The main contracts that I focused on were the A201 and the B101. The way that I studied them was both trying to write the contract out in my own words, and using the Schiff Hardin lectures. The lectures were the main way that I studied contracts at work. I don’t get much time doing my day to look at material, so I mostly focused on listening to the contracts.

I mainly focused on Schiff Hardin during my first attempt at this exam. I felt very comfortable with the contracts when I failed, so I didn’t use Schiff Hardin as much the second time. The other contracts I focused on for this exam were the G704, A305, the C401

Price:

  1. Contracts: free on AIA website
  2. Schiff Hardin Lectures: Free
  3. Contract shorthand: free
  4. Young Architects Contracts Course individually ($85), one-time purchase

Digital Resources

Quizlet – Full disclosure, I am not a big fan of physical flashcard decks. They’re a hassle to write and organize. I greatly prefer using digital flash cards for easy portability, I can save my spot in learning and test myself all within one app.

  1. CSI Divisions Deck – It is important to be familiar with the common CSI divisions for this exam.
  2. Building Construction Deck- This monster deck comes with pictures on over 400 cards, that allow you to study many different types of construction techniques and construction administration concepts.
  3. ADA Flashcard Deck – It is important to be able to study ADA violations and measurements for this exam.

Price for all decks: Free

NCARB Forum I also used the forum a lot for this exam. I always try to look at what other people have done, and what has or has not worked of the forums. However the element mentioned in the forum that I didn’t take it seriously was the construction portion of the exam. I thought it wasn’t as big of a part as it eventually ended up being. I thought I could just look at construction details for a couple of hours to get a general idea and I would be okay. That was not the case. So when someone says it something’s going to be on in the exam, that means it’s really important.

CE Pass First Try (PcM, PjM then CE) – Tips by Aimee Neikart

CE Pass – my last exam! by Toby

Passed CE on 2nd try by Yasmin Fathi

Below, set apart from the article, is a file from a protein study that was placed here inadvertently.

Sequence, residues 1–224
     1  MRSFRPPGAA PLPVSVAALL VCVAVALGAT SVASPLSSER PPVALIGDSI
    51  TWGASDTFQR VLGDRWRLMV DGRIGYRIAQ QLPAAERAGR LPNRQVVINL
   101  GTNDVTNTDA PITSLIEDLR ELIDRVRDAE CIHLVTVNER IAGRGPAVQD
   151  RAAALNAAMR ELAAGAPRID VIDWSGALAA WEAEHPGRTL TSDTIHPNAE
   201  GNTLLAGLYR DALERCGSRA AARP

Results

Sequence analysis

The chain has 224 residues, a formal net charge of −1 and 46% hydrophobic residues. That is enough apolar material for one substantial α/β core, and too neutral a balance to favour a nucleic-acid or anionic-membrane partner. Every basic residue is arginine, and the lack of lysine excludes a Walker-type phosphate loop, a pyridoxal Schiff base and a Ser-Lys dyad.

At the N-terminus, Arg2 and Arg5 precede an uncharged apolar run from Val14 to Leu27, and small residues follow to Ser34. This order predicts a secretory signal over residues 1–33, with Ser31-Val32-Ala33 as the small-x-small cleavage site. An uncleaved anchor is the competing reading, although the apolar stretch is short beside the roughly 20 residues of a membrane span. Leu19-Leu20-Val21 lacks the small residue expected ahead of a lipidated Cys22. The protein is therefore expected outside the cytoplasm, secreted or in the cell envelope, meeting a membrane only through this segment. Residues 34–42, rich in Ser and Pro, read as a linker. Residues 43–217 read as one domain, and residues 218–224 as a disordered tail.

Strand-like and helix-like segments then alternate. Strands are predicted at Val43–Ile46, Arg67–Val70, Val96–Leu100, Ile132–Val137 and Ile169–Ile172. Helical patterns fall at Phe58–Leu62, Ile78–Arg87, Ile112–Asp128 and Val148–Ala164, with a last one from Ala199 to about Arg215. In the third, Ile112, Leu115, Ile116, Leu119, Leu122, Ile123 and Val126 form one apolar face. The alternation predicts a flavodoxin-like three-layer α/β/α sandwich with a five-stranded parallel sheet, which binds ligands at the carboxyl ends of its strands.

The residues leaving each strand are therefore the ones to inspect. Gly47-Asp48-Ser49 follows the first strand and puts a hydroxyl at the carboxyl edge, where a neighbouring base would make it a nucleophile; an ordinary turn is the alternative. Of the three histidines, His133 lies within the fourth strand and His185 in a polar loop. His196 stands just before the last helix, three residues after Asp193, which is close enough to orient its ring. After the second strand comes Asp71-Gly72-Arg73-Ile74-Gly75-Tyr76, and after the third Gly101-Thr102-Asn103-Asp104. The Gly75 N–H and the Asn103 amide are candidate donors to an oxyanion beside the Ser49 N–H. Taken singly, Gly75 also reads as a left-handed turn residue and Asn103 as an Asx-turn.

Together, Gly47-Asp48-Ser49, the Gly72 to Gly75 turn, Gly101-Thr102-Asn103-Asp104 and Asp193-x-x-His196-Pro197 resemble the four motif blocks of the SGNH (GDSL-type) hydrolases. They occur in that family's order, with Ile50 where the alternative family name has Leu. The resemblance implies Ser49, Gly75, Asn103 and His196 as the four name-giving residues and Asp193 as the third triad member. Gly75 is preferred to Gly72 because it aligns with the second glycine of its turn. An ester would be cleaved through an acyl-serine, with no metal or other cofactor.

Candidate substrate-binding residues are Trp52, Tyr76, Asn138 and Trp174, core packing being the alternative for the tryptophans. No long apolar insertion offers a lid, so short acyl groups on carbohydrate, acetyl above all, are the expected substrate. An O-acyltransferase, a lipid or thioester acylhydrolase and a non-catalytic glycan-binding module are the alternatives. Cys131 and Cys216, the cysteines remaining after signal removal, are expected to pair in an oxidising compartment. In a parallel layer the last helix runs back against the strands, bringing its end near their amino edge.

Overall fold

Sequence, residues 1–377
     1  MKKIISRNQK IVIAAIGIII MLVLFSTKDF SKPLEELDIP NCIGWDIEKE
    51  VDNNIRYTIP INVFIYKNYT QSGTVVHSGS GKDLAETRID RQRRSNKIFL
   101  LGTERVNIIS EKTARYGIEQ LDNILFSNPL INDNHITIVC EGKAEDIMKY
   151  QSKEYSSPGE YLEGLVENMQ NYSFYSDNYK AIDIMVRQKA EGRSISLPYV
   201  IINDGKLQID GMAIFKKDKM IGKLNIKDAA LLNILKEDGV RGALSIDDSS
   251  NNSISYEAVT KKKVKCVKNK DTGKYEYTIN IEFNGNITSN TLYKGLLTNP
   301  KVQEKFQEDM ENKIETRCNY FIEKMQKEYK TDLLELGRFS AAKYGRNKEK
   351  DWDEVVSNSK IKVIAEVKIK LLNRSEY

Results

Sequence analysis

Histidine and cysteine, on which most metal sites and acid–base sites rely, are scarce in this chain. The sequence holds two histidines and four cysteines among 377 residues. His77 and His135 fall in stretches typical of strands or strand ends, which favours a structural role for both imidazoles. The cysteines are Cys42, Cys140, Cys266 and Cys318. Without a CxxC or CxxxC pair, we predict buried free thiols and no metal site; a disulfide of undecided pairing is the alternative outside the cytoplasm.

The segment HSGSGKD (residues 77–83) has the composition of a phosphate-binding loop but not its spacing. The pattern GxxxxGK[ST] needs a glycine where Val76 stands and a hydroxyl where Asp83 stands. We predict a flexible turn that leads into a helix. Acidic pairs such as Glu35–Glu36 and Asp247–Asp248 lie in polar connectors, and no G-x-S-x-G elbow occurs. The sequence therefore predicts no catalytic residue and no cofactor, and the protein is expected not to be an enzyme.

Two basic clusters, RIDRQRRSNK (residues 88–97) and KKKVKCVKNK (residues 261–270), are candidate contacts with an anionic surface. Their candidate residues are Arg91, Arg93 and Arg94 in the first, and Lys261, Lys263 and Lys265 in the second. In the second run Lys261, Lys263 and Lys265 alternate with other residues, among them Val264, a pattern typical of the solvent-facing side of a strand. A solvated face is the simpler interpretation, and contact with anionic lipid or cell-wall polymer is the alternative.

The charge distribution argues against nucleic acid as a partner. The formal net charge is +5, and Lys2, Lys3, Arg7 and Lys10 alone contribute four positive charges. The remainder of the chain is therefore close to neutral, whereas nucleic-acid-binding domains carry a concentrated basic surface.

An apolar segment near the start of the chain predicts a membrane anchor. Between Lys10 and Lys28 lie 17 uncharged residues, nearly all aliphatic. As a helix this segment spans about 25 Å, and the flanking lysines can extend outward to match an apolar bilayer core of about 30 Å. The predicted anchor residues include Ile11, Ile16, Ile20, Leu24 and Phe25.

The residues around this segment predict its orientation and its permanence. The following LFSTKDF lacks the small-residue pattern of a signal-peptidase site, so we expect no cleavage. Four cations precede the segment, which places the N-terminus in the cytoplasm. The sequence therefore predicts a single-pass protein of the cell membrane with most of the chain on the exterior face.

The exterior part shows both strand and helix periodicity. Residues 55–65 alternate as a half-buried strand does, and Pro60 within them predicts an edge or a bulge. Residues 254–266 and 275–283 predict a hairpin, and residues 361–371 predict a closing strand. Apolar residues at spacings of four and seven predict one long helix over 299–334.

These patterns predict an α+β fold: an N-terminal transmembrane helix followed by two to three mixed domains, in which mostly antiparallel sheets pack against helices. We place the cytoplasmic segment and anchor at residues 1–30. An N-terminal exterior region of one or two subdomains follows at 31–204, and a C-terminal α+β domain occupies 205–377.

Price for NCARB Forum: Free

Young Architect Academy Construction & Evaluation 101 – this resource was helpful in terms of helping me understand Construction Administration and Project Management for this exam. This was studied in tandem with the Young Architect Academy AIA Contracts 101 course. The CE course is broken down to cover the specific objectives of this exam. The video format was very helpful and allowed me to study while I was working, or I can listen to it in the car. In addition to the audio from the videos, the course also has assigned readings and case studies.

Like all YAA courses, this course has a flat one-time fee and you can access it for as long as you like as opposed to paying for ongoing subscriptions if you fail. I only got this course for my second attempt at this exam.

Price: For CE 101 only, $99

Hammer & Hand Website – I didn’t spend as much time as I would have liked to on this resource on my first attempt at this exam. I really like the way that this website takes you through the creation of each detail, and shows you how the object is being built and layered. The overlapping of some items for example window details for sheathing, which are kind of difficult to understand in a regular section. So I really like the way that it’s done in 3D for better comprehension. This website was really great for understanding thermal protection and Foundation Construction. if you’re not familiar with these details I would say this is an essential reference.

XQ for ARE 5.0 App – This app was created by Kevin Griendling from Pluralsight. I really like using this for my second run of CE, because it allows you to answer questions in all four of exam formats, including hot spot and multiple choice. This is a subscription-based service so you have to decide how long you want to use the subscription for but I felt like this resource filled in a lot of the gaps in terms of tests addressing a construction detail questions so I thought it was very helpful for that reason. Many tests are good at talking about the construction Administration side not many practice exams focus on the construction detail side of course it makes it highly portable which is another great feature.

Price: $19.99, monthly subscription